It was Tuesday afternoon amid the grandeur of Wimbledon, and the best men's tennis player in the world found himself in a fine kettle of fish.
The No. 1 Court was packed for the occasion. People knew this was special. It was High Noon in London. Call it the Shootout at SW19.
How often do you get a day starting with a deciding fifth set? Or a deciding fifth set that involves a top-seeded and thoroughly frustrated Novak Djokovic and a 6-foot-8 gunslinger from South Africa?
Kevin Anderson had Djokovic teetering Monday night, a set shy of advancing to the quarterfinals and with the prospect of a sleepless night that would bring visions of tennis balls darting left and right.
When darkness sent them home, Anderson had gotten his first serve in at an astonishing 77% rate and had won the point when he did so a more astonishing 87%. The ace count was equally eye-opening: Anderson had 32, Djokovic 10.
The South African had won the first two sets in tiebreakers — including the second set, when Djokovic led in the tiebreaker, 4-0 — and was smiling confidently.
To Djokovic's credit, he did not fold. But then, when you are No. 1, you cannot even entertain that thought. The edge came off Anderson's game a tad, Djokovic got some rhythm and momentum back, and the next two sets were his, 6-1, 6-4.
But Mother Nature got the final word. It was almost 9:30 p.m., and even in these Northern reaches in the summer the sun does eventually go down. They already had played 3 hours and 4 minutes.
That left Djokovic with a night of things to ponder, including all that had gone wrong. That's a tough situation for a player with unfinished business.
He had scooted through the first three rounds, and that had to be healing after his disappointment in the last Grand Slam tournament, the French Open. There, he had been denied a chance to complete a Career Slam by a Swiss player not named Federer. Stan Wawrinka beat him in the final.
An entire night to think about more aces from Anderson was certainly not what Djokovic wanted.
He was facing the prospect of failing to get to a Grand Slam quarterfinal for the first time in 25 majors, an incredible testimonial to his consistency. Anderson had a different sort of consistency going. He was trying to make it into a Grand Slam quarterfinal for the first time in 26 tries.
Weighing most heavily on Djokovic had to be that Wimbledon remains the only place where they still play out deciding sets, rather than settling them with tiebreakers. If Anderson didn't falter on his serve, and Djokovic remained stubborn, they could be out there all day.
And the winner, having already forfeited his day of rest, would have to play big-serving, big-hitting U.S. Open champion Marin Cilic on Wednesday. Djokovic, a Serb, needed five sets last year to get past Cilic, a Croatian, en route to a title. And Djokovic was fully rested then.
Djokovic and Anderson took the court with a dark cloud hovering overhead. They flipped the coin and the rain began. All around the cloud were blue skies and sunshine, so this wouldn't be a long delay. But it was just long enough to get moisture on the grass to slicken the surface for big serves.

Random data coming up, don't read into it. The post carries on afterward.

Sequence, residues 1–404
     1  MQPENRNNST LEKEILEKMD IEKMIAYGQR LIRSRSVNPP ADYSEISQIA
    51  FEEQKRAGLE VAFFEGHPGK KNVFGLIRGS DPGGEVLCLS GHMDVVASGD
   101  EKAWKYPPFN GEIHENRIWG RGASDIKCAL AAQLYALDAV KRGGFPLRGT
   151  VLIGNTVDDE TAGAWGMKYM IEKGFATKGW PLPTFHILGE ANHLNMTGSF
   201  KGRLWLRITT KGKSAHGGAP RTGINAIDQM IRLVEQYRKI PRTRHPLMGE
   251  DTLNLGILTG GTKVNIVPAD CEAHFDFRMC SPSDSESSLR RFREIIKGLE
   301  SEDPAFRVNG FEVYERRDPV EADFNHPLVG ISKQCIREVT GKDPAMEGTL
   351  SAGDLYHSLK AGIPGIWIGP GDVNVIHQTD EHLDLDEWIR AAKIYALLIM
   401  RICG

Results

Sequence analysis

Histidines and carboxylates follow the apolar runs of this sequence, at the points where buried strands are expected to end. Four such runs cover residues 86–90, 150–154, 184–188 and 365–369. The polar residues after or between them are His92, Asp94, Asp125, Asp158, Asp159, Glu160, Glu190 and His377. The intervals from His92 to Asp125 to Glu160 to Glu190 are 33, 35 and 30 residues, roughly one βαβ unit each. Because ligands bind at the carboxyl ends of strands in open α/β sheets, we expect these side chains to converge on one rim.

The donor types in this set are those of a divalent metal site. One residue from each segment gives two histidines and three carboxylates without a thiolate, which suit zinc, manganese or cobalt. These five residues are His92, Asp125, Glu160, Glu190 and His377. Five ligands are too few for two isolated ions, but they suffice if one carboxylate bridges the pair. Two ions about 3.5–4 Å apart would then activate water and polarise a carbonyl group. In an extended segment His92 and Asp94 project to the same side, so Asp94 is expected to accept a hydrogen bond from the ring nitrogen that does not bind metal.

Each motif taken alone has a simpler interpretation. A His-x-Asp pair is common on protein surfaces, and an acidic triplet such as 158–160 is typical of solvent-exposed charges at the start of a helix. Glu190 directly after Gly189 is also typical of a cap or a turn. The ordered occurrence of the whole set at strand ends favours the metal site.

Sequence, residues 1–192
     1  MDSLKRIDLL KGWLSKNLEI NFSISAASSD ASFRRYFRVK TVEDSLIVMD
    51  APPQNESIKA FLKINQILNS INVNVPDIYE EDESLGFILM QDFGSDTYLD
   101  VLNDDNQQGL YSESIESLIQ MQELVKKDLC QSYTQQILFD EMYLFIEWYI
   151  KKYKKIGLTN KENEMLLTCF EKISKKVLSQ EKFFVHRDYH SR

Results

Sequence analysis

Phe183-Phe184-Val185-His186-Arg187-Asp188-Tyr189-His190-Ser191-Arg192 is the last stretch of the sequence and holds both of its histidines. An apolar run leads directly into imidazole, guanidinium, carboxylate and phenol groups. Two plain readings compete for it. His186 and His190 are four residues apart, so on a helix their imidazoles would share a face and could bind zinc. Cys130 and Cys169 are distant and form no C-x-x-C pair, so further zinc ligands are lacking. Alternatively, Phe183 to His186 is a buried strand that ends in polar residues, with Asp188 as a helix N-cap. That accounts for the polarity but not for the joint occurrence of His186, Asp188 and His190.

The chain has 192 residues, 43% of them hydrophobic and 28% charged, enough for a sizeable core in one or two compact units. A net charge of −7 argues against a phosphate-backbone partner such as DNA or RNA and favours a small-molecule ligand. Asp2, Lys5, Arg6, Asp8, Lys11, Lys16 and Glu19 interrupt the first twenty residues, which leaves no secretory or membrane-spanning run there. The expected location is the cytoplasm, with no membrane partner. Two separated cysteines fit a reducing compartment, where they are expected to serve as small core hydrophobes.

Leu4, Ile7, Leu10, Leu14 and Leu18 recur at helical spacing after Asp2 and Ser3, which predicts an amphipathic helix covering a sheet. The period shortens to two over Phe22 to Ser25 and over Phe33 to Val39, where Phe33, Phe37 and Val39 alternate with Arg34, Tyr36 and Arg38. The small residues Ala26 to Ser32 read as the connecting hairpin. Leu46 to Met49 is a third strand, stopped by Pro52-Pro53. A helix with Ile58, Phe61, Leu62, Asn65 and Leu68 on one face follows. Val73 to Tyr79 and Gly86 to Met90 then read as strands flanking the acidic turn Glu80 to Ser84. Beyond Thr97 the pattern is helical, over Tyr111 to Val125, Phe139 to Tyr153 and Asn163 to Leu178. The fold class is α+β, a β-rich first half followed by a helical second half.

Just what Djokovic didn't need.
When they returned, Djokovic looked like a caged animal. He fidgeted and paced. Anderson sat on his chair and made him wait.
Anderson served first and held with three aces. Would this end before Friday?
The first real danger came with Djokovic serving at 1-2. He hit a forehand long for 15-40. That's two break points that were, in this case, almost the same as match points.
But Anderson, whose ranking has gone to a career-best No. 14, momentarily reverted to a No. 135 guy. He hit a ground stroke long and returned the next serve long. One of the best survivors in the game had survived.
Now, even more animated, Djokovic clenched fists and lectured himself. After a winning shot, he turned toward his coaches and let out a sort of primal scream. Nearby was a ball girl, who looked mortified.
"I was yelling at myself," Djokovic said later. "I will find her and apologize."
Anderson started the 5-5 game with a 125-mph service winner. Then he ended a long rally by netting a forehand, a prelude to the collapse.
He double faulted for 15-30, then double faulted for 15-40. Bodies edged forward on stadium seats. This was not the same as Djokovic serving at 15-40 because it was Djokovic returning. Even against this South African tower of power, Djokovic with two shots at it was a Vegas wager.
It took only one.
Anderson tried to yank Djokovic wide to his right and did so, his serve at 121 mph. Djokovic lunged, like a cat pouncing on a mouse, and slapped the return at Anderson's feet. Six-foot-8 does not bend down well.
For all intents, that was it. Djokovic, needing to serve for it, slipped behind, love-30. But he got it to 40-30 and got Anderson to mis-hit a passing shot well long.
Game, set, match. Three hours 47 minutes. A 6-7 (6), 6-7 (6), 6-1, 6-4, 7-5 tale of survival.
"It was one of the most difficult matches in my Wimbledon career," Djokovic said later. "At times, I felt helpless."
Thirty years ago to the day, Boris Becker, Djokovic's coach and chief of sideline brainstorming, won the first of his three Wimbledon titles.
"He'll have a glass of wine," Djokovic said, "I'll have a glass of water and we'll celebrate."
With Anderson finally in his rearview mirror, Djokovic can focus on being Sunday's toast of the town.